Hidden Lives Revealed. A virtual archive - children in care 1881-1981 * Image of handwritten text

Pickering Garth Home, Hull

Photograph of Pickering Garth Home, Hull

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Pickering Garth Home, Hull

Hull, Yorkshire

(1915 - 1983)

This was the successor Home to Clarendon House Home for Girls in Hull. The foundation stone was laid in 1914 by Mrs Pickering, the wife of the donor, Christopher Pickering. The Home was part of a planned development funded by Pickering which included a vicarage, the church, museum and almshouses. Mr Pickering had paid for building and furnishing the Home and provided an endowment which would yield £300 a year (according to expectations in 1915).

The Home, which accommodated 40 girls aged 6-16 by the 1930s, was officially opened as the Pickering Home for Girls and was dedicated by the Archbishop of Canterbury on 30 September 1915.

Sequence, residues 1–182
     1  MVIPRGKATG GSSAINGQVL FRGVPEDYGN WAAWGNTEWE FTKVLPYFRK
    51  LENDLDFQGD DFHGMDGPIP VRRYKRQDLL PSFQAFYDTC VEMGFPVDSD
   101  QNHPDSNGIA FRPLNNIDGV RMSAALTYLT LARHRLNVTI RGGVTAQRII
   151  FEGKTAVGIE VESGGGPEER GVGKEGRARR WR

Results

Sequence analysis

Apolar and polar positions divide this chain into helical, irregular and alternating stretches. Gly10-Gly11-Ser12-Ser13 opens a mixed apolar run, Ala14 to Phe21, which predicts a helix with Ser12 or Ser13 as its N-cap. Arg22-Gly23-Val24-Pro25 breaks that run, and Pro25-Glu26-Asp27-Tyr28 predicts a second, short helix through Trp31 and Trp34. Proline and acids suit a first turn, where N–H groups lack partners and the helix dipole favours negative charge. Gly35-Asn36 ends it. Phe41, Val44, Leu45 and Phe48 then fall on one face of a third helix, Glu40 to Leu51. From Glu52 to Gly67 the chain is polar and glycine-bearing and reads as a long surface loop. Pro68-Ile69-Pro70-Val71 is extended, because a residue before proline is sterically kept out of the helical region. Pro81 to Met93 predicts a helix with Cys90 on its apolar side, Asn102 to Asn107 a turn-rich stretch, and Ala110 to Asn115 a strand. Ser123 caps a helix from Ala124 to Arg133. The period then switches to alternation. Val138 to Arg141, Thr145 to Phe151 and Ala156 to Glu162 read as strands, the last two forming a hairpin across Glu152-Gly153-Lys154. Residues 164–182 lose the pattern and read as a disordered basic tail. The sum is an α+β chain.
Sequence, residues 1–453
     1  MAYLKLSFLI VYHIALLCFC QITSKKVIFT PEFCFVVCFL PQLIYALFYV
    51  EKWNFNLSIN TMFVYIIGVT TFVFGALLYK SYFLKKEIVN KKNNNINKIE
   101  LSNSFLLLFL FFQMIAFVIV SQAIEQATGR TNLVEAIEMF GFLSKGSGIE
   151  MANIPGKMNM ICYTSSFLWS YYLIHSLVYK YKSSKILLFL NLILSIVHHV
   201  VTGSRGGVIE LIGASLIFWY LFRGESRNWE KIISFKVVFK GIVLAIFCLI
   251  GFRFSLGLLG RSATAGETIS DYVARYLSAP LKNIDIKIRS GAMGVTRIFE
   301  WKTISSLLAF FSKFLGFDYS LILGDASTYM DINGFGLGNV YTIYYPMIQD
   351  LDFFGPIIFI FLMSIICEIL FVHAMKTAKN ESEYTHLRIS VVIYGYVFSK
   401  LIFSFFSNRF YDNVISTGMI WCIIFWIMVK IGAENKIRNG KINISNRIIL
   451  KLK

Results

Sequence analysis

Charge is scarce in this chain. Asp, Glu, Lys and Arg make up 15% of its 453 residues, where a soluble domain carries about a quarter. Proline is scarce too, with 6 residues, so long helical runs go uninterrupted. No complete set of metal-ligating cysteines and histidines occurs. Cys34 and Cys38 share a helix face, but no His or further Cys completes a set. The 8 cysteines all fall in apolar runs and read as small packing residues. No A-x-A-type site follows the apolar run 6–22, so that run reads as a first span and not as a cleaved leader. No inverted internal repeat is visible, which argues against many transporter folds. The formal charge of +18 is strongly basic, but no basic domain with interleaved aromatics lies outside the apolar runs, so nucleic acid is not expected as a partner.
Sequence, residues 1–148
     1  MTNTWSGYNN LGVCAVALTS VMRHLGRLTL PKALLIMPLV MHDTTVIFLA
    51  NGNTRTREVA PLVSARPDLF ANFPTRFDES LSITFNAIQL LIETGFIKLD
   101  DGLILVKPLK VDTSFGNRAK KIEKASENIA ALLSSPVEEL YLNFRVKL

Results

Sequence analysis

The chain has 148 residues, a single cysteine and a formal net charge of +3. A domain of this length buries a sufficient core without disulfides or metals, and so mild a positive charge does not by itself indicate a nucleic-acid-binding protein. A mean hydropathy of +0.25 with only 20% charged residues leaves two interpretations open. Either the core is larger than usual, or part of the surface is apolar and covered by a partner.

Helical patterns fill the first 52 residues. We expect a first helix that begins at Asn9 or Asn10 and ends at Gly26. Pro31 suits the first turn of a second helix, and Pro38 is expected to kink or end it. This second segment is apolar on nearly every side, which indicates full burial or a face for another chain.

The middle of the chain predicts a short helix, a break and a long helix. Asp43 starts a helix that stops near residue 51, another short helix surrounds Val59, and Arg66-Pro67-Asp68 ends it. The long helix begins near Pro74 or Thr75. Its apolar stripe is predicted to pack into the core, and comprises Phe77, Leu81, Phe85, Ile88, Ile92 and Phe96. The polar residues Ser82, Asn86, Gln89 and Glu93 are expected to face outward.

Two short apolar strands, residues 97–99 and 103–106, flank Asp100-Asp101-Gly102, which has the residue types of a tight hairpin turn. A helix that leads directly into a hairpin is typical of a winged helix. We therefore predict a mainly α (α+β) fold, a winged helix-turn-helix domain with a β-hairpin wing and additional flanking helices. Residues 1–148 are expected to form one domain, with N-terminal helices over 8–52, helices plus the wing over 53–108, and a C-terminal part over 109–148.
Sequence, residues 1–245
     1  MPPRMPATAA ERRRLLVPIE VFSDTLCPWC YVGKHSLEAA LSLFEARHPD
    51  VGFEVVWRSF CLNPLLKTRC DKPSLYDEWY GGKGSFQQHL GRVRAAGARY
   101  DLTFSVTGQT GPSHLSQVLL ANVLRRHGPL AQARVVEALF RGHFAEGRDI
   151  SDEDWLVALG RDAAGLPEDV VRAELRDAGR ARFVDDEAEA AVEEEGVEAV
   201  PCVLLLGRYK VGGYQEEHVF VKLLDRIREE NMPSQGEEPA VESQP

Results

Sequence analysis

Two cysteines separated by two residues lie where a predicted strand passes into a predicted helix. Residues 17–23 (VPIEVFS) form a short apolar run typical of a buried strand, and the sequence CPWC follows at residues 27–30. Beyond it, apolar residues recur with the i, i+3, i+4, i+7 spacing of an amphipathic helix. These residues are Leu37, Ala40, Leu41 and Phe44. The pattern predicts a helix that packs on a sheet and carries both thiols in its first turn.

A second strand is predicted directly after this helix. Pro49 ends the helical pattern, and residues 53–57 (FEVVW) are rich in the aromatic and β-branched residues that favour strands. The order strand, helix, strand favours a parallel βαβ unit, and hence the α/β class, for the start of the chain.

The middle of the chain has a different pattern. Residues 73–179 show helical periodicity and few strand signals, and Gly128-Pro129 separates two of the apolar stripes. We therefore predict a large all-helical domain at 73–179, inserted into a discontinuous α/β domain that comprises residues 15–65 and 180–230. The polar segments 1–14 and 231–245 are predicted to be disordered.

During the Second World War the residents of the Home were evacuated to two small houses in Louth at 214 Priory Terrace, Eastgate and Cloverly House, 164 Eastgate. In 1943 the residents again moved, this time to Springhill, Duffield. The Home reopened in Hull in 1946 and was temporarily closed in 1955.

In 1965 the Society reviewed the procedure of moving children on from nurseries to Homes. In order to give more continuity to a child's life it was decided to convert four homes into larger age groups, with a small nursery group. These were Dacre House Home at Rock Ferry, Court Lodge Home at Knockholt and Hawk's Lease Home at Lyndhurst as well as Pickering Garth. The intention was to take babies who were 'unlikely to be placed in foster homes or for adoption'. As attitudes to childcare changed such children were gradually fostered and the unit came under scrutiny. The decision was made to retain the Unit as an emergency unit for babies needing to be housed as short notice.

In 1973 the Home became an Assisted Community Home with half of its places allocated to children referred and paid for by the local authority. The Society continued to be responsible for the building as well as the other children in the Home.

The Home closed in 1983.

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